Bisbee High School sophomore Cesilia Garcia has attended almost every Friday dig since they began in 2016.
“I was just interested in learning more about our history because this ballpark is very old, and I didn’t know much about it other than what I’ve been told from my family,” Garcia said. “This has helped me learn more.”
Garcia plans to make a career in forensics and believes doing digs like this will help her advance her career goals.
“The students are great,” said Stephen Uzzle, a fellow digger and student at Cochise College. “They’re out here because they love it, just as we do, and they’re just as excited as everybody else is. They’re all a great help. They’re strong and young and all got great backs.”
Working on the dig site requires a substantial amount of physical labor – from shoveling dirt onto screens, which the students must manually sift, to hauling the assorted metal tools to and from the site.
For Uzzle, the dig brought together two of his lifelong passions: sports and history.
“It’s important to study sports history,” Uzzle said. “But the fans are what makes the sport possible. Without the fans, you’re not going to have a game. It’s important to study who was here and what socioeconomic groups were watching baseball at the time because our cultural past brings us all together.”
Uzzle has been on other archaeological digs, but he said the dig at the ballpark is different.
“We can track all of our artifacts here back to historical records,” Uzzle said. “If I find a button, I can match it. If I find a broken bottle, I can find out where it came from because there’s written record of that. Whereas, we have to piece together that stuff on our own (for other digs).”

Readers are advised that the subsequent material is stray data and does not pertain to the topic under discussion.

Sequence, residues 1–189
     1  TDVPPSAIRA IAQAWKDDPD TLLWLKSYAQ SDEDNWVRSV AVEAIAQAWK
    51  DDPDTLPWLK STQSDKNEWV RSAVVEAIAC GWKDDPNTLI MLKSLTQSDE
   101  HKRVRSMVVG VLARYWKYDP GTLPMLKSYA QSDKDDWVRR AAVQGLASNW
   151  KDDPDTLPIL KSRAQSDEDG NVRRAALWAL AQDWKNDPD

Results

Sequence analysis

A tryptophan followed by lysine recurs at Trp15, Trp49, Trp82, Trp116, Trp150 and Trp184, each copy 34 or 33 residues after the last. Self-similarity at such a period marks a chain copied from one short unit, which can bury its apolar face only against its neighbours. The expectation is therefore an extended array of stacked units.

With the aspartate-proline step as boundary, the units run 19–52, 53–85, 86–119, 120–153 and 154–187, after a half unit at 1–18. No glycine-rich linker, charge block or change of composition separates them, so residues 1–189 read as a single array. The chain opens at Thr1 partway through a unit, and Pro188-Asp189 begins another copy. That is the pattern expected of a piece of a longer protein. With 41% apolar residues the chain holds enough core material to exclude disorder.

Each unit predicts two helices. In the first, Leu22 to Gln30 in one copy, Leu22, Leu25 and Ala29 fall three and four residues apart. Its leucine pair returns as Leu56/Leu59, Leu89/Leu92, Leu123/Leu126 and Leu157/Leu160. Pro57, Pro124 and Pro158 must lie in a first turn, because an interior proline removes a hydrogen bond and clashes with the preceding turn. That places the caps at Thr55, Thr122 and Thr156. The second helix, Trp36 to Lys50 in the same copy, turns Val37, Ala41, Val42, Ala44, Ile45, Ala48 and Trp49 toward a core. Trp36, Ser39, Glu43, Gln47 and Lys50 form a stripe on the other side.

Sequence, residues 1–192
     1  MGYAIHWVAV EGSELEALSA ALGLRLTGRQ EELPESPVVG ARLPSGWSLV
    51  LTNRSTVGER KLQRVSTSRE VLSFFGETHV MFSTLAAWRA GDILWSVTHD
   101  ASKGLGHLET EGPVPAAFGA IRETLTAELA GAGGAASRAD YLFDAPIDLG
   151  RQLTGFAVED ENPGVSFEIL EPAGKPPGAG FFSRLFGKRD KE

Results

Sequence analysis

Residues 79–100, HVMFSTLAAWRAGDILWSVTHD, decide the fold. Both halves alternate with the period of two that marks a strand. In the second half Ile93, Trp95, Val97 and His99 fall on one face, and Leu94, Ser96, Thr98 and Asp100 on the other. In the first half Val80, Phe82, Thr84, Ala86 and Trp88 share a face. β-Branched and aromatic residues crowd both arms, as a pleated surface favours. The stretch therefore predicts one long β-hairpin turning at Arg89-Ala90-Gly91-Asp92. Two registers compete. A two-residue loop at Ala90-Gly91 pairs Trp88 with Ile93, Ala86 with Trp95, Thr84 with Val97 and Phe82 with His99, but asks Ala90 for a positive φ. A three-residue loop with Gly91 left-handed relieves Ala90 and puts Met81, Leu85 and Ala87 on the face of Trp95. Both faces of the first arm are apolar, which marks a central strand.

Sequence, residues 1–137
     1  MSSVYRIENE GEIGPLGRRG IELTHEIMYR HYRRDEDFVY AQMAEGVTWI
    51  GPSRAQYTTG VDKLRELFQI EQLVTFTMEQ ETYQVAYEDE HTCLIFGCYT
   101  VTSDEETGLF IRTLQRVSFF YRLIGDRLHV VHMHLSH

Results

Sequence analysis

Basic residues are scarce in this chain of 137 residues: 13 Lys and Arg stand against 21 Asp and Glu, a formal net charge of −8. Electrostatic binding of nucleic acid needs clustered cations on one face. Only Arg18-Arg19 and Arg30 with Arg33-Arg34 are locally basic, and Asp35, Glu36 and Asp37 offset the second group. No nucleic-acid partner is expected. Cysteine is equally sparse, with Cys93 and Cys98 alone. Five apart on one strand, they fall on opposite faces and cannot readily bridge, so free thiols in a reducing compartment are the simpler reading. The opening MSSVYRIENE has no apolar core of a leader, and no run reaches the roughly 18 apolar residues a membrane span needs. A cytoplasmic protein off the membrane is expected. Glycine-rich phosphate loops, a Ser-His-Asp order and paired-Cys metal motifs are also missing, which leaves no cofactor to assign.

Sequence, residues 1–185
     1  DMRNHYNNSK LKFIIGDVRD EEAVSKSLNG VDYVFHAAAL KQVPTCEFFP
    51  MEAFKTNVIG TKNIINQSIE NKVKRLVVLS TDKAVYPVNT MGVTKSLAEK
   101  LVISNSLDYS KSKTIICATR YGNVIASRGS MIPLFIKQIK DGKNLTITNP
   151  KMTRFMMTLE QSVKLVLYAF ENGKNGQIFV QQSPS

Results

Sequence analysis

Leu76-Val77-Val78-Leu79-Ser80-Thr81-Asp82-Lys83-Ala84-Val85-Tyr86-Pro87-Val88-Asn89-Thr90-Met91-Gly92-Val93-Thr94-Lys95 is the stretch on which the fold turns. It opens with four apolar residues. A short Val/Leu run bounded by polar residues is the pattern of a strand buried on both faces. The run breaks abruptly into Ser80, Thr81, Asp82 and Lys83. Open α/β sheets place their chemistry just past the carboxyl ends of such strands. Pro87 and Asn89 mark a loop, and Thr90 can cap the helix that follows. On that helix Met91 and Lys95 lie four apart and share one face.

Schon and the students have uncovered bits of broken glass bottles and a few isolated finds, such as a 1930s bus token and blank firearm cartridges, which fans typically shot in the air as a form of celebration.
“(The bottles) can be dated based on their markings, and they tell us a lot about the fans and what they were doing,” Schon said. “But, we do find a bit more beer in the outfield. The bleachers tend to be a little more of a ruckus.”
Schon said one of the most memorable finds for him was a concentration of beer bottle caps recognized by Mike Anderson, a local historian and founding member of the Friends of Warren Ballpark advocacy group.
“Once we cleaned them up, I saw that they were all Coors Light and Bud Light, and I asked Mike Anderson, about it, and he said, ‘Oh yeah! I know the guy. He used to vend beer here in the ’80s, back when we had the outlaw league playing. He’d set up a stand right there and sell beer.’”
“Normally, you don’t have any sort of connection with the person who left the artifact behind,” Schon said. “But now we know exactly who it was, and you can just picture him setting up a beer stand and opening up bottles, and the caps fall off. You’d clean up as much as you can afterward, but a few things get left behind, and there they were for us to find.”
Inspired by the project at Warren Ballpark, Schon developed an anthropology of baseball course at the University of Arizona for the upcoming spring semester. He said he hopes to expand the ballpark project to include two other baseball fields in the area.